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Learn More About Canola Olive Oil:

Just Right for Heart Health

Both of Canola Oil and Olive Oil are considered as two of the choicest oils for health-conscious consumers because of their high level of mono-unsaturated fatty acid, which helps to reduce the LDL cholesterol (generally known as the bad cholesterol) in the blood. Food with high levels of unsaturated fatty acid has known to help lower the risk of coronary and cardiovascular diseases. In addition, olive oil is known to contain rich antioxidants Vitamin E as well as Chlorophyll.

Today's busy consumers want foods that taste good and boost health. Canola oil fits the bill. It has a unique blend of fatty acids that provides health benefits especially for people at risk of heart disease and other chronic diseases. Plus, its mild flavor makes it ideal for baking, braising and frying foods. It can be used in salad dressing, sauces and baked goods.

The Essential Fatty Acids

Canola oil contains two fatty acids that are essential in our diets, providing a unique blend of fatty acids that contribute to good health. These polyunsaturated fatty acids - linoleic acid (an omega-6 fatty acid) and alpha-linolenic acid (ALA) (an omega-3 fatty acid) - must be obtained from foods because our bodies can't manufacture them. They play important roles in growth, reproduction, and vision; in maintaining healthy skin and cell structure; in the metabolism of cholesterol; and in regulating genes, the genetic material found in every cell of the body. They may also be beneficial in preventing heart disease and autoimmune disease such as rheumatoid arthritis.

Linoleic Acid

The omega-6 fatty acid is a major component of brain tissue and cell membranes and is required for the growth and the development of infants. When the diet is low in linoleic acid, virtually all organ systems are impaired. The central nervous system, the eye and platelets in the bloodstream are particularly vulnerable to a deficiency of linoleic acid.

Omega-3- Fatty Acids

The major omega-3 fatty acids are alpha-linolenic acid (ALA), eicosapentaenoic acid (EPA) and docosahexaenoic acid (DHA). They have been shown to lower blood cholesterol and triglyceride levels. (Triglycerides are fats that travel in the bloodstream to storage sites in the body).

New research suggests that increasing our intake of omega-3 fatty acids may help reduce the risk of heart attack and strokes. ALA constitutes about 11% of the fatty acids in canola oil. Canola oil is a major contributor to the total ALA intake of North Americans because it is widely used in salad and cooking oils, margarines and shortenings.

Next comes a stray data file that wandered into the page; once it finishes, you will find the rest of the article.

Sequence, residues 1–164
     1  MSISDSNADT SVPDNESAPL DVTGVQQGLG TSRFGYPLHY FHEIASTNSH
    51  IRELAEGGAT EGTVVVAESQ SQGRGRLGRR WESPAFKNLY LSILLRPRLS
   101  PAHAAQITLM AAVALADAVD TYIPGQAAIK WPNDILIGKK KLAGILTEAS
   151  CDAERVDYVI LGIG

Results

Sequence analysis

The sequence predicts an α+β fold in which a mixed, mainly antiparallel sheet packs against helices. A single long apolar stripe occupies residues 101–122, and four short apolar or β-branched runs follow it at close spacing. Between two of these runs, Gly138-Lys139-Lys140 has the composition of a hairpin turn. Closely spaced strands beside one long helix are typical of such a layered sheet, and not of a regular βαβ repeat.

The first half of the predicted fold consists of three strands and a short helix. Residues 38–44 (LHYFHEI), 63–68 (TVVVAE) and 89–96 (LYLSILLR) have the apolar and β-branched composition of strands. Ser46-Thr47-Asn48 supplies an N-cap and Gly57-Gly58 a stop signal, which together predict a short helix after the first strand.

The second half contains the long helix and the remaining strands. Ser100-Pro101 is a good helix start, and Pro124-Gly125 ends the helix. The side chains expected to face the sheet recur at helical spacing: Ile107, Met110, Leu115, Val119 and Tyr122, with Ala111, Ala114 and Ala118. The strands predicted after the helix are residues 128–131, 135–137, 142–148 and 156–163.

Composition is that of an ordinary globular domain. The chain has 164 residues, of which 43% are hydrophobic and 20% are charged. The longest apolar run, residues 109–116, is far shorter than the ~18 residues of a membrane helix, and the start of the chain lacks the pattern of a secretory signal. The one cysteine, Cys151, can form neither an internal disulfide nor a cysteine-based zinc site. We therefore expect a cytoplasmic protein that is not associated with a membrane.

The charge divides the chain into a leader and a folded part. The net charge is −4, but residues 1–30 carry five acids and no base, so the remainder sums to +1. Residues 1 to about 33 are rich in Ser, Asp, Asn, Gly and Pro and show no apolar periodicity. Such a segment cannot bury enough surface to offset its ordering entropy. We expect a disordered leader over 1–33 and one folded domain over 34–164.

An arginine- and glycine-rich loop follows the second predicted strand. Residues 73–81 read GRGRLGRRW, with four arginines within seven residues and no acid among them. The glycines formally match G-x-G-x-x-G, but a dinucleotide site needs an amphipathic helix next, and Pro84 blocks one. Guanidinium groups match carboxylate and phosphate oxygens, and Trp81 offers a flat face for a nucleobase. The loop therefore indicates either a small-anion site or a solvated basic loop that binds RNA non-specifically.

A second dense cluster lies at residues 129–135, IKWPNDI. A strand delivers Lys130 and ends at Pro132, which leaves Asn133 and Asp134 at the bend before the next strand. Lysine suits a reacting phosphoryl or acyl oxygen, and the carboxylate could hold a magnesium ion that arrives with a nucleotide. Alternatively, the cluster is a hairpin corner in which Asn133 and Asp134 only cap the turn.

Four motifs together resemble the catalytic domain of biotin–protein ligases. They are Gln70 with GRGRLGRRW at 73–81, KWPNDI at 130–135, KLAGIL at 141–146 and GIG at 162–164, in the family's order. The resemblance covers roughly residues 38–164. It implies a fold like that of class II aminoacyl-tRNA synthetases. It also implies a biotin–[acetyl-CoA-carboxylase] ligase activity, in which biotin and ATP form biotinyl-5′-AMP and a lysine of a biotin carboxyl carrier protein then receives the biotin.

Canola is a Good Plant Source of Omega-3 Fatty Acids

Canola oil contains alpha-linolenic acid, an essential omega-3 fatty acids that reduces risk of coronary heart disease and stroke. They also play a role in reducing the inflammation of joints associated with rheumatoid arthritis. DHA is an omega-3 fatty acid required for the development of the eye and brain in infants. Health Canada recommends that you consume about 1 gram of mega-3 fatty acids every day. For an adult on a 2000 calorie diet, this is the amount of alpha-linolenic acid found in one tablespoon of canola oil.

Medical Studies on ALA

ALA Protects Against Heart Disease:
Results of the Lyon Diet Heart Study shows that the participants who ate a rich ALA diet that contained canola and olives oils, had lower blood cholesterol and triglyceride levels and highly HDL-cholesterol. (HDL-cholesterol is the "good" cholesterol.) In fact, consuming a diet rich in ALA was associated with a 70% reduction in coronary events and cardiac deaths.

ALA Protects Against Stroke

Middle-aged men who participated in their MRFIT trial, showed an inverse relation between stroke risk and ALA concentration in cell membranes. That is, men with high levels of ALA in their cell membranes - a reflection of their high dietary intake of ALA - had a low risk of stroke, especially after other stroke risk factors such as smoking and high blood pressure, were taken into account. The researcher concluded that ALA is an independent predictor of stroke risk, much like high blood cholesterol is an independent predictor of heart attack risk.

Canola is a Good Source of ALA

Using canola oil regular in cooking and baking adds ALA to the diet and helps protect against heart attacks and strokes, the leading cause of death in North America Today.

Canola and Vitamin E

Vitamin E acts as an antioxidant. In vegetable oils, it helps reduce the speed at which the oils become rancid. In the human body, it helps protect against oxidative damage caused by free radicals. The richest dietary source of vitamin E, are vegetable oils such as canola oil.

Comparison Chart for Saturated /Unsaturated Fatty Acid

Roxy Canola Olive Oil

The Canola/Olive oil blend is best suited for the Asian style of cooking for it has a higher smoke point than most of the edible cooking oils. It is uniquely suitable for wok frying, pan frying and cooking that requires high temperatures.